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eHealth/mHealth Reading Corner
TOS
To keep the community up to date on the developments in this important area, TOS eHealth/mHealth section offers the eHealth/mHealth Reading Corner. This week's articles include:
    Verwey R, van der Weegen S, Spreeuwenberg M, Tange H, van der Weijden T, de Witte L. Technology combined with a counseling protocol to stimulate physical activity of chronically ill patients in primary care. Studies in Health Technology and Informatics. 2014;201:264-270. http://www.ncbi.nlm.nih.gov/pubmed/24943553

    Eakin EG, Winkler EA, Dunstan DW, Healy GN, Owen N, Marshall AM, Graves N, Reeves MM. Living well with diabetes: 24-month outcomes from a randomized trial of telephone-delivered weight loss and physical activity intervention to improve glycemic control. Diabetes Care. 2014 Aug;37(8):2177-2185. http://www.ncbi.nlm.nih.gov/pubmed/24658390

    McMahon S, Vankipuram M, Hekler EB, Fleury J. Design and evaluation of theory-informed technology to augment a wellness motivation intervention. Translational Behavioral Medicine. 2014 Mar;4(1):95-107. http://www.ncbi.nlm.nih.gov/pubmed/24653780
If you have an article you would like to share, we would love to hear from you! Please send article information to Anne Gilmore (anne.gilmore@pbrc.edu), and we'll add it to the EMS Reading Corner Library.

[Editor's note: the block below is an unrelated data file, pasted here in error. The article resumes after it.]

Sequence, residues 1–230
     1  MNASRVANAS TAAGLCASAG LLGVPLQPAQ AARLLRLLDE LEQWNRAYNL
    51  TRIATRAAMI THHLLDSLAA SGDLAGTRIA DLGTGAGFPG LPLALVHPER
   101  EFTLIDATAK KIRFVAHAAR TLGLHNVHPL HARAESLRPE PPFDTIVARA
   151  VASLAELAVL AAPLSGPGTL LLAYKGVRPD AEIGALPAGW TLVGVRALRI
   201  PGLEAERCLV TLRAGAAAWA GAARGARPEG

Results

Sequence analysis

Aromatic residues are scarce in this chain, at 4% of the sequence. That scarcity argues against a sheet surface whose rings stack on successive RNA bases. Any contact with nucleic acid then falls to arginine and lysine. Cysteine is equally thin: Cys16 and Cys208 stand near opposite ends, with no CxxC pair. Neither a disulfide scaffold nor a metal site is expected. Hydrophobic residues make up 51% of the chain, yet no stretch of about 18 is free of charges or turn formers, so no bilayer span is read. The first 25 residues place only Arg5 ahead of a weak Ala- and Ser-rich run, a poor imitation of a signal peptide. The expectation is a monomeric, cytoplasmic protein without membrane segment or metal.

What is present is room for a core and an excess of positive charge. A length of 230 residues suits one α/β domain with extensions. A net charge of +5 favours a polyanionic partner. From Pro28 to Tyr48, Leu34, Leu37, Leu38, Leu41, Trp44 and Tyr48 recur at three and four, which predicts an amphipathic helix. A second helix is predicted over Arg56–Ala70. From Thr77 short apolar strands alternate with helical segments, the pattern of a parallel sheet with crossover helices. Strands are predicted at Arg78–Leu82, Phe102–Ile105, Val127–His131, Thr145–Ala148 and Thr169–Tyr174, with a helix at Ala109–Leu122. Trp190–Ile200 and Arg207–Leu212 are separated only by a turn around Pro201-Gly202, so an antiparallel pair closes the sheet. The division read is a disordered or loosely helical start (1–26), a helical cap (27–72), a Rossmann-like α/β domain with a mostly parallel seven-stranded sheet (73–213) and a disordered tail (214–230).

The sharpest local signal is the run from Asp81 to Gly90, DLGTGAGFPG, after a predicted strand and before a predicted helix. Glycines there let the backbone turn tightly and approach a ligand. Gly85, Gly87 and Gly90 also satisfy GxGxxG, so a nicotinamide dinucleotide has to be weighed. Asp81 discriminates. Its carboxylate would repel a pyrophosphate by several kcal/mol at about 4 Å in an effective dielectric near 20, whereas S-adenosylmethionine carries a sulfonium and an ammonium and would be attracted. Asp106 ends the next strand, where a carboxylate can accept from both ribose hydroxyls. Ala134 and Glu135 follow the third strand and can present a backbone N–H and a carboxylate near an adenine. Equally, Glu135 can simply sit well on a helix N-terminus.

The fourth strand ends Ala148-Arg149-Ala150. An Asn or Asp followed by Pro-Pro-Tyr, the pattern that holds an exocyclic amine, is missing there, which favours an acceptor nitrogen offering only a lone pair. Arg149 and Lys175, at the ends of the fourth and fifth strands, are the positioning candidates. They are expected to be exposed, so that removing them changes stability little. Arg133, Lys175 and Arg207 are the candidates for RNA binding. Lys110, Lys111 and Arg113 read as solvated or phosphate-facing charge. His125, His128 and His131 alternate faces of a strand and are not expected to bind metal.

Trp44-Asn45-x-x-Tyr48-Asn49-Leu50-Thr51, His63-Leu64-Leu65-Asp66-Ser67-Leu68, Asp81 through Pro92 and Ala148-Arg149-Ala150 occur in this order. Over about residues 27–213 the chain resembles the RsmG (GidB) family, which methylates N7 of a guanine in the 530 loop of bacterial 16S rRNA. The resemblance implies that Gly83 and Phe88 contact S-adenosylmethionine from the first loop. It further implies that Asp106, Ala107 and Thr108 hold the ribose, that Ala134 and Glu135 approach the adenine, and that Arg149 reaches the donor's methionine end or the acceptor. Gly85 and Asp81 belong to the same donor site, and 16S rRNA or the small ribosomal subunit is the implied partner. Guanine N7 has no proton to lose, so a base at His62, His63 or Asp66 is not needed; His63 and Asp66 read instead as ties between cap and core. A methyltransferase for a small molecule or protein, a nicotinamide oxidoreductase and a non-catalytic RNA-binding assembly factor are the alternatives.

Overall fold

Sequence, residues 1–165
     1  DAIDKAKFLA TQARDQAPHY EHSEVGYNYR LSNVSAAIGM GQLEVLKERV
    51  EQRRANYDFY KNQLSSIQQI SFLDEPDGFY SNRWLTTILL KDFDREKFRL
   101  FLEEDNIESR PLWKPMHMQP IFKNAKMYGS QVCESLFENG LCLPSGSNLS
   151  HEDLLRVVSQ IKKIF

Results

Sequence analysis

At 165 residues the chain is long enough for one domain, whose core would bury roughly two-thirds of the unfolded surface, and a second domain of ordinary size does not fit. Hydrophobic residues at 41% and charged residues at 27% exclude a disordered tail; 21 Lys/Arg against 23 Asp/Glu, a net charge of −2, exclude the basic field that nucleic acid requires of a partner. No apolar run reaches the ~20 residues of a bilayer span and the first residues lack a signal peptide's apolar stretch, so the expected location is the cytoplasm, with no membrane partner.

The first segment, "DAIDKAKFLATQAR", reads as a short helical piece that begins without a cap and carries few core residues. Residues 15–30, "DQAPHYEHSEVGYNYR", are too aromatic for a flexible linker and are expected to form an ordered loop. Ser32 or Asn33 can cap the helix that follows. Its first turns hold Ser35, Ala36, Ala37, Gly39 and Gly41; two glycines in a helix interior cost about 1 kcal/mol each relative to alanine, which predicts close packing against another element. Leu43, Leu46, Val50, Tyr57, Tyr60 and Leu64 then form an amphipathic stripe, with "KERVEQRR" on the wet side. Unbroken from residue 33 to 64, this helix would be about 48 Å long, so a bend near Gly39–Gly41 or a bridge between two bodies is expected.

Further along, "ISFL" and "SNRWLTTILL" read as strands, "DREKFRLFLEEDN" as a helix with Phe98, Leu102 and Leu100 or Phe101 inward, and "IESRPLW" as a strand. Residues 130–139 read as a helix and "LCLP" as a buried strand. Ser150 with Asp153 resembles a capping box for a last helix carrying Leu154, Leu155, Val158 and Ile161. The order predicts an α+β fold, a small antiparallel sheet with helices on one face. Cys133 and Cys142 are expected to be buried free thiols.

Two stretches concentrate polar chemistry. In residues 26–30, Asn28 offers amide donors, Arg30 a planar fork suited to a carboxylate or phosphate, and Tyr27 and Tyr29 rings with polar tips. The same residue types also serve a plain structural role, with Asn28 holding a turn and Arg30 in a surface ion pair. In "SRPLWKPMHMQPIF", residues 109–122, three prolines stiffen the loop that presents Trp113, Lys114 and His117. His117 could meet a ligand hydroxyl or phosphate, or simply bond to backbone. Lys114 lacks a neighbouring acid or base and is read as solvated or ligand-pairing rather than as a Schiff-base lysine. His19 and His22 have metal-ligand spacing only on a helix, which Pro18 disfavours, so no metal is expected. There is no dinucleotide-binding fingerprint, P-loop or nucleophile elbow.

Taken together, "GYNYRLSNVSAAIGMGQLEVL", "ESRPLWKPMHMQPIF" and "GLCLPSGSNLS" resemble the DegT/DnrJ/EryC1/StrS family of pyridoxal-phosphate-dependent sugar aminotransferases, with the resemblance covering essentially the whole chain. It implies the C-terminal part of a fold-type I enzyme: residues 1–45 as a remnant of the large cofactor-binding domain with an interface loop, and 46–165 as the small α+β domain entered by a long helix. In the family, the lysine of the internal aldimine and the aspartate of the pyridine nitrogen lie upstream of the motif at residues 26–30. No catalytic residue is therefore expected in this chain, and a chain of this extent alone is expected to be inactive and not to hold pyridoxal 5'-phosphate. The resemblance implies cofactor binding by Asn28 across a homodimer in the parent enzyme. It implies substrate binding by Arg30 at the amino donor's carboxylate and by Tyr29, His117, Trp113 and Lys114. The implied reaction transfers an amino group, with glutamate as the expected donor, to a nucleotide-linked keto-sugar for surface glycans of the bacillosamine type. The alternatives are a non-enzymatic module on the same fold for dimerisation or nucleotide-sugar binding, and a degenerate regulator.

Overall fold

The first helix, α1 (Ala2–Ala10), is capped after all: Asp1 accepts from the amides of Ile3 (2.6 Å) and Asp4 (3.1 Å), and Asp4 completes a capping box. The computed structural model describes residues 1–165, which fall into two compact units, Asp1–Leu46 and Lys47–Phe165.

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ObesityWeek 2014 Early Bird Registration Closes August 15
TOS
The second annual conference will take place at the Boston Convention and Exhibition Center, in Boston, MA, Nov. 2 – 7, 2014. In addition to joint sessions and keynotes, a single registration fee covers both TOS and ASMBS meeting sessions and events. Register for ObesityWeek 2014 before Friday, August 15 to take advantage of early bird rates. ASMBS and TOS Members get discounted rates by entering ASMBS or TOS username when registering.
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OBESITY IN THE NEWS